As new technological advances take place every day, India must keep up. While the U.S. is still a front-runner in defence technologies, China and Russia are catching up quickly. In order to counter this, India can insert itself into the pre-existing bilateral co-operation between the U.S. and Israel. Sameer Patil, Fellow, International Security Studies Programme tells us how.
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Israel and the U.S. have become India's top arms suppliers, with companies from these countries participating in the 'Make in India' initiative. These robust defence partnerships can be elevated, by inserting India into the U.S.-Israel defence technology cooperation corridor. What are the geopolitical and domestic limitations that India must tackle in this effort? What benefit will the U.S. and Israel gain from a partnership with India? This paper studies the U.S.-Israel defence technology corridor, and suggests potential collaborations for India. It recommends the three innovation hubs, Silicon Valley, Tel Aviv and Bengaluru, coming together to maximise their respective strengths and declared national technology priorities.
Following the lead set by the U.S. and Israel, India is now tapping its domestic start-up ecosystem for technological innovation and self-reliance in defence. Indian entrepreneurs are developing niche technologies which will boost the Indian military’s combat capabilities. They are also enabling the much-needed commercial synergy with Silicon Valley venture firms.
Hailed as the highest altitude tunnel in the world, the Atal Tunnel at Rohtang pass in Himachal Pradesh is a significant part of India’s border infrastructure push. It has reduced travel time from Manali to Leh and forward areas. It is significant for national defence as also tourism because it provides all-weather connectivity to the Lahaul-Spiti Valley.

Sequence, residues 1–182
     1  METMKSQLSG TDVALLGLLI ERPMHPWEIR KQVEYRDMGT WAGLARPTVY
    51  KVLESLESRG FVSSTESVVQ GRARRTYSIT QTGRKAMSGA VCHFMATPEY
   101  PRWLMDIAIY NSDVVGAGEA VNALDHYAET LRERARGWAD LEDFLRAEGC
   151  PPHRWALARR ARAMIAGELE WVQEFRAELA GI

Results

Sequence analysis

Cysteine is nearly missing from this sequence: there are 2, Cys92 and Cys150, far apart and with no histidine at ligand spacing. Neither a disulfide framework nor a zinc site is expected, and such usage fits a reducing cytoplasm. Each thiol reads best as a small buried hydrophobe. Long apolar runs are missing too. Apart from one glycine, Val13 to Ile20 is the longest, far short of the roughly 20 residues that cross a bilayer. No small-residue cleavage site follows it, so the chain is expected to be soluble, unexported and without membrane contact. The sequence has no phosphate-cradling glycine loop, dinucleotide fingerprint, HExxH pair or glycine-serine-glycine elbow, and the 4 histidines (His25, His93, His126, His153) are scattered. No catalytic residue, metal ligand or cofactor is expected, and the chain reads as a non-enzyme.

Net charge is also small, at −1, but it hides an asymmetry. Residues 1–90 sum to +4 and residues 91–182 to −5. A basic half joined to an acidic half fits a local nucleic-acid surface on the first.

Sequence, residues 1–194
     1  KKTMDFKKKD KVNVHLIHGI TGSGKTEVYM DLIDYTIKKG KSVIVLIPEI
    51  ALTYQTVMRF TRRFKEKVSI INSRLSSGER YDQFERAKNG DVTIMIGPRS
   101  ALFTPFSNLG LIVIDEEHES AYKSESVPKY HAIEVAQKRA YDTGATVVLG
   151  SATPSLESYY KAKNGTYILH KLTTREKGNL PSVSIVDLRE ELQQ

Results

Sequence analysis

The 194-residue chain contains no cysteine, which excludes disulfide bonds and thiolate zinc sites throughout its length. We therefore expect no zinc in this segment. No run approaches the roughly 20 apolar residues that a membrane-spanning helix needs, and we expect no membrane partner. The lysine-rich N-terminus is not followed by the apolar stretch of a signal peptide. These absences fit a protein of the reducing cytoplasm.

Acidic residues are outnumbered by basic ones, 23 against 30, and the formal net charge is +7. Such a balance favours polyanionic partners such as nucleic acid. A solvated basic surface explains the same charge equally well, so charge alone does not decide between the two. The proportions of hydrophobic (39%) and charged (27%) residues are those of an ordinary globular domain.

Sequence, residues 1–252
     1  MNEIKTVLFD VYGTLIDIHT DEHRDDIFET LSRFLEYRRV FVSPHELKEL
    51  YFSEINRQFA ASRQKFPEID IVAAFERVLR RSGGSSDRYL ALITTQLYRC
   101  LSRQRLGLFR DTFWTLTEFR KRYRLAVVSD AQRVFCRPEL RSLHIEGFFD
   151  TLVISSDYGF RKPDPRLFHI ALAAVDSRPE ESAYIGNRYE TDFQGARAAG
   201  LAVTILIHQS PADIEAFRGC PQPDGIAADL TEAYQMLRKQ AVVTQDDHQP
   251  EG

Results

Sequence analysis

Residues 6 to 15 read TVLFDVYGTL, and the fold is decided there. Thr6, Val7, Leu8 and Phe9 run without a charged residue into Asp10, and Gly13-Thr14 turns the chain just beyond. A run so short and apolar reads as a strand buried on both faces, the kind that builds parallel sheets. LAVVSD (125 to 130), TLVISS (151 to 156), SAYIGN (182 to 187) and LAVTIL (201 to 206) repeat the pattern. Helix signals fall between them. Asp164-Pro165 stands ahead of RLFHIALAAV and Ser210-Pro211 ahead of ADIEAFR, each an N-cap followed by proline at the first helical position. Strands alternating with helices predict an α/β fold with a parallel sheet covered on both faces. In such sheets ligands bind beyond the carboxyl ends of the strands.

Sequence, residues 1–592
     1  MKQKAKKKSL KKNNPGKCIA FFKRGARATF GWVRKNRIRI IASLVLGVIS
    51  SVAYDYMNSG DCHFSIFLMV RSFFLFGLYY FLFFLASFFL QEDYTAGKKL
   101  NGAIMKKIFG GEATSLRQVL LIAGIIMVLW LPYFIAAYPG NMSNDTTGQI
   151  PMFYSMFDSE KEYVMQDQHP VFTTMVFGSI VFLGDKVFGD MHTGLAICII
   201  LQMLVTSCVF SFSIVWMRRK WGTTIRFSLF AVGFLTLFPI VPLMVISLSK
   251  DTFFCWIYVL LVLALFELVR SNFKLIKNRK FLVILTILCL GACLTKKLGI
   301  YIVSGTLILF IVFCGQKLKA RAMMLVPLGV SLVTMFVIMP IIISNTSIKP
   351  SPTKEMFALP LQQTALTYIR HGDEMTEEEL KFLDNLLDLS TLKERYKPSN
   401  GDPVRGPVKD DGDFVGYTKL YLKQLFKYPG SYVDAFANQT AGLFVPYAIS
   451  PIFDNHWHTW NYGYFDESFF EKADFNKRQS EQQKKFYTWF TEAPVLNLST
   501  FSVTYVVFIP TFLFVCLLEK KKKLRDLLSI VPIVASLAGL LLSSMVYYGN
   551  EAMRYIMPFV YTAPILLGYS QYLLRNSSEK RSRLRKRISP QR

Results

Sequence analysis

The Union Budget for FY 2021-22 is due next week. ‘Aatmanirbhar Bharat’ and the continuing stalemate with China in Ladakh will guide Finance Minister Nirmala Sitharaman to allocate financial resources for the defence sector. How will she cater to the defence services’ expectations? Will she unveil special measures to further ‘Make in India’ in defence? Listen to defence expert Dr. Bhartendu Kumar Singh, in conversation with Sameer Patil, Fellow, International Security Studies Programme, to know how the budget will shape India’s mission to achieve self-reliance in defence-industrial capabilities
The global world order is witnessing a substantial shift. Part of the greater tussle for strategic and geopolitical dominance is the military rivalry between the U.S. and China. The two countries together now account for over one-half of the world’s defense spending.
The recently signed Basic Exchange and Cooperation Agreement (BECA) between India and the U.S. symbolises the strengthened defence and security partnership between the two countries and the growing interoperability capabilities between the two militaries. India-U.S. defence and security ties have flourished in the last decade, with increasing focus on defence technology co-development and co-production. The enhanced G2G engagement is also reflected in the commercial sector where American and Indian defence companies have partnered in the aerospace sector to become part of the global supply chain.
On 21 October, Gateway House and the Institute of Chinese Studies, Delhi jointly hosted a webcast with Ambassador (Lt. Gen.) Karl Eikenberry, Sinologist, Deputy Chairman, NATO Military Committee; former Director of the U.S.-Asia Security Initiative at the Shorenstein Asia-Pacific Research Center, Stanford University on the Growing Sino-American Military Rivalry
The recent opening of the Atal tunnel represents the border infrastructure build-up underway for the last 10 years. Multiple other road and rail projects are being implemented, which will connect remote areas along the Line of Actual Control and also support the Indian military’s deployment in the region.
Start-ups are the latest entrants in the defence manufacturing sector. They are getting a bigger role through the Innovations in Defence Excellence programme. The technologies being developed by them will add to the Indian military’s operational and combat capabilities. But beyond the obvious market for the defence forces, there is also the huge homeland security market, in India and abroad which the start-ups can tap into.